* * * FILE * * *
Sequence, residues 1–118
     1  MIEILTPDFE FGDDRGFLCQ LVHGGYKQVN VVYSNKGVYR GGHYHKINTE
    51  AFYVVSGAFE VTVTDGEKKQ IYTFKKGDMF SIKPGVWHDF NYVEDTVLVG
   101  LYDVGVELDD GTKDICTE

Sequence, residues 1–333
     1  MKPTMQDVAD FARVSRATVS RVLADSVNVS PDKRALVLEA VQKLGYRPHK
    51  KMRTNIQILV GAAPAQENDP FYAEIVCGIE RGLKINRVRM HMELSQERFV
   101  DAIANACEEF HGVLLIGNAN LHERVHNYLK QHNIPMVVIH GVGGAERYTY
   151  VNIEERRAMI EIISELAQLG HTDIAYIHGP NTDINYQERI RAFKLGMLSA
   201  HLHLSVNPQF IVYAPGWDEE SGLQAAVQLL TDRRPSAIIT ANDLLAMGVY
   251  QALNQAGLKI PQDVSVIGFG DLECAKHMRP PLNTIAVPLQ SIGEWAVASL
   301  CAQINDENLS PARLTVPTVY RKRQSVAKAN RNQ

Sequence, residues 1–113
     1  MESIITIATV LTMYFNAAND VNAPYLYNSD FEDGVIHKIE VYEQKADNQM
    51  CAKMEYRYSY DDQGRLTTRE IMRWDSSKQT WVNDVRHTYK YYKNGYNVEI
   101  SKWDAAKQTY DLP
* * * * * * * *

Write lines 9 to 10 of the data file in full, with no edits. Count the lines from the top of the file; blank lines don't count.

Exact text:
   151  VNIEERRAMI EIISELAQLG HTDIAYIHGP NTDINYQERI RAFKLGMLSA
   201  HLHLSVNPQF IVYAPGWDEE SGLQAAVQLL TDRRPSAIIT ANDLLAMGVY